On September 7, 2004, a tenth anniversary edition of Clerks was released. The 3-disc set is commonly known as "Clerks. X" as part of the Miramax Collector's Series. The features for this version of the DVD include:

  • A 24-page color booklet featuring thoughts on the film from Kevin Smith and Scott Mosier ten years after making it. The booklet also features various reprints of reviews and images of posters and memorabilia from the film's release. Kevin states in the booklet that Clerks II would be filmed in 2005.

Disc 1: Theatrical Feature

  • The original theatrical cut of the film in Dolby Digital 5.1 surround.
    • The original 1995 laser disc commentary track.
    • An "enhanced playback track" featuring trivia subtitles and title card descriptions.
  • "Clerks: The Lost Scene" animated short. This scene was originally written in the screenplay for the film but was never shot. For the DVD, the scene was animated in the same style as Clerks: The Animated Series. The scene can be presented in two different ways.
    • The scene can be viewed separately from the film with an introduction by Kevin Smith and Scott Mosier.
    • The DVD also presents the owner with the ability to play the theatrical cut of the film with the animated scene as if it were part of the feature.
  • The Flying Car, a short film featuring Dante and Randal. The short was shot in 2001 for The Tonight Show and features the two main characters from Clerks stuck in traffic having a somewhat similar conversation as the one in Clerks where the two are driving to a funeral and discussing sexual curiosity. On the DVD, the short is presented in its original cut with an introduction from Kevin Smith.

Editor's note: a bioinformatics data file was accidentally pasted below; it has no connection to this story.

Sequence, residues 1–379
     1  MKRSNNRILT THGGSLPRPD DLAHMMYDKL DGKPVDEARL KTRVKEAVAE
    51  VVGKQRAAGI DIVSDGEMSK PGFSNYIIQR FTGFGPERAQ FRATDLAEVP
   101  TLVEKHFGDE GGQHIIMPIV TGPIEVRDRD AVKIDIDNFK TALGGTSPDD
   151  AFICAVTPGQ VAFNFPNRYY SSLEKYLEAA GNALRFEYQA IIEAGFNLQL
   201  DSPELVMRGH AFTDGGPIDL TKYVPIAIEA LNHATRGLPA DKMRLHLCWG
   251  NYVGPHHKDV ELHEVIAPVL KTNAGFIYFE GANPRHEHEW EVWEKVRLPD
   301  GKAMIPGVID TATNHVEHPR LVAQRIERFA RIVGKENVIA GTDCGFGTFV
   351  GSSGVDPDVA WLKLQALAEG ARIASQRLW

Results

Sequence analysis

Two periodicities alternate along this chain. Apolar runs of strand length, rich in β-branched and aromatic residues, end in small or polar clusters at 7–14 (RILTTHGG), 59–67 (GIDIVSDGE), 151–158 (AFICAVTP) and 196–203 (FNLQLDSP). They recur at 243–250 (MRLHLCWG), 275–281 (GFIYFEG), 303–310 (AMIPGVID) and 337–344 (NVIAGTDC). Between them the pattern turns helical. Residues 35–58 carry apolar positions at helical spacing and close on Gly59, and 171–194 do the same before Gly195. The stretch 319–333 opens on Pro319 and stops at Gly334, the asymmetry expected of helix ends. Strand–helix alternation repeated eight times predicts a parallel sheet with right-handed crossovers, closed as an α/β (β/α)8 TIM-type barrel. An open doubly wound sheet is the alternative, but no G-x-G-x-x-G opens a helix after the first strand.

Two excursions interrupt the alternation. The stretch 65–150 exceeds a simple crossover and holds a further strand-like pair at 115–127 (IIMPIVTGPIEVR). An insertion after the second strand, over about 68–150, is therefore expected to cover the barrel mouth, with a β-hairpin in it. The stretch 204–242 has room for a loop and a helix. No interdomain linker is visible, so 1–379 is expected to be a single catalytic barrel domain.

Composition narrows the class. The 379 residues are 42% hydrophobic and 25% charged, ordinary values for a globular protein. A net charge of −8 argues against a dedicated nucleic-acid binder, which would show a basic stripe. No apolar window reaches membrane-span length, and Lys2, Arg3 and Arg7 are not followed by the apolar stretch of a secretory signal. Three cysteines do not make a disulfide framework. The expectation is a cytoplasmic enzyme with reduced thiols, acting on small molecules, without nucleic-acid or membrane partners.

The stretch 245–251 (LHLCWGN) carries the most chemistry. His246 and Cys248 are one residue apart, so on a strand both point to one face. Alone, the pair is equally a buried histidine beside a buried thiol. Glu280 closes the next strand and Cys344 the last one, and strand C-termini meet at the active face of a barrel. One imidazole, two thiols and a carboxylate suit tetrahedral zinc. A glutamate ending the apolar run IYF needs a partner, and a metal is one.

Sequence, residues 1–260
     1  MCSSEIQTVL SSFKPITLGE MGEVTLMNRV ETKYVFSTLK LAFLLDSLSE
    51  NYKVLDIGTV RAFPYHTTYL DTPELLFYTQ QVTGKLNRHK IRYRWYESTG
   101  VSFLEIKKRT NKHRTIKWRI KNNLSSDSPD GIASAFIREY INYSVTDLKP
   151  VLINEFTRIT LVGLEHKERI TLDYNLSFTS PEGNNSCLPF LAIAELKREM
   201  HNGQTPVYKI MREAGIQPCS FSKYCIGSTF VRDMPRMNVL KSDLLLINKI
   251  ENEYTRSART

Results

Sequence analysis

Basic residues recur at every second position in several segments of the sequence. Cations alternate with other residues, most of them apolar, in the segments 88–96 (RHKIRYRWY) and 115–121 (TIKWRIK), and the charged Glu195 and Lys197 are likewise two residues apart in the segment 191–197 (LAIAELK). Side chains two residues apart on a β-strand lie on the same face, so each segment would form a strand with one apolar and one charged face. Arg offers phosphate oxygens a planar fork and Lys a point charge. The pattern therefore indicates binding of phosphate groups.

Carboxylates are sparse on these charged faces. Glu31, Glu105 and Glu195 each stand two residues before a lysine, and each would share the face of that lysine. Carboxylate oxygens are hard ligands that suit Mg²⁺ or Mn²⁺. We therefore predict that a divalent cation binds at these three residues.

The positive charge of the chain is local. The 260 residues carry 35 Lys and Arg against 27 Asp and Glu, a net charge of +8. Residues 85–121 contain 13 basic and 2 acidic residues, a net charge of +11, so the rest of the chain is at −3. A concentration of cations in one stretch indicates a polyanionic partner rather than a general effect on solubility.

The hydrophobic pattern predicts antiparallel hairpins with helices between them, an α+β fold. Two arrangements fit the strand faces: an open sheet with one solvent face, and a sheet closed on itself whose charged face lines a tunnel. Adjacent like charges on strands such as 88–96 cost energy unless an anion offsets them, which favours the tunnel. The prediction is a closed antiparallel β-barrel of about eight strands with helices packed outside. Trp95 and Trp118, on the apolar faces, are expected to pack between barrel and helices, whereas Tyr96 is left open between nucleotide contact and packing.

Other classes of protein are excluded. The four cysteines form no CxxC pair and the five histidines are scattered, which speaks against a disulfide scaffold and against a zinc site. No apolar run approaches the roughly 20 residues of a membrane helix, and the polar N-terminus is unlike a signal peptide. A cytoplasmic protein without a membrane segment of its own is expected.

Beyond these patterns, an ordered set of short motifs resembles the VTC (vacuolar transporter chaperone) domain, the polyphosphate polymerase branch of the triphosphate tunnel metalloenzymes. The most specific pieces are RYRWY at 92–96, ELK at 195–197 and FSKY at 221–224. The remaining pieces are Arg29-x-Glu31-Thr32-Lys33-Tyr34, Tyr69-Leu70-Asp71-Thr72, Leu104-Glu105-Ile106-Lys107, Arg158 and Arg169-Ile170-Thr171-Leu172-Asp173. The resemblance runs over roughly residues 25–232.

• A series of short television ads that MTV commissioned from Kevin Smith featuring Jay and Silent Bob. Eight of them appear on the DVD (MTV also aired a special that Smith hosted but it could not be secured for the DVD for clearance reasons). The spots are introduced by Kevin Smith and Scott Mosier.
  • An original theatrical trailer for the film edited by Matthew Cohen with a brief introduction from Kevin Smith.
  • The original music video for "Can't Even Tell" performed by Soul Asylum directed by Kevin Smith. The music video is introduced by Kevin Smith and Scott Mosier.
  • Three short featurettes about the restoration process used to recreate the feature film for the Clerks. X DVD. In the first featurette, Scott Mosier describes the sound restoration process. In the second, David Klein explains the visual restoration process. The third featurette is hosted by Kevin Smith and Scott Mosier as a general introduction to the restored version of the film.
  • Original auditions for the film featuring Brian O'Halloran, Jeff Anderson, Marilyn Ghigliotti and Ernest O'Donnell. The auditions are introduced by Kevin Smith and Scott Mosier.
  • DVD-ROM features.

Disc 2: Clerks: The First Cut

  • The very first cut of Clerks before it was edited for theaters. This cut of the film features additional scenes and the original ending intact, less sound production and no music soundtrack. This version of the film replicates what Smith showed to film critics and journalists before taking the film to Sundance and selling it to Miramax. It was taken from a Super-VHS tape and unlike the theatrical release underwent no apparent restoration. It is included the 10th anniversary set in lieu of the collection of deleted scenes that had appeared in the previous DVD issue.
    • Audio and video commentary for the first cut of the film. The commentary was recorded in 2004 with Kevin Smith, Scott Mosier, Brian O'Halloran, Jeff Anderson and Jason Mewes.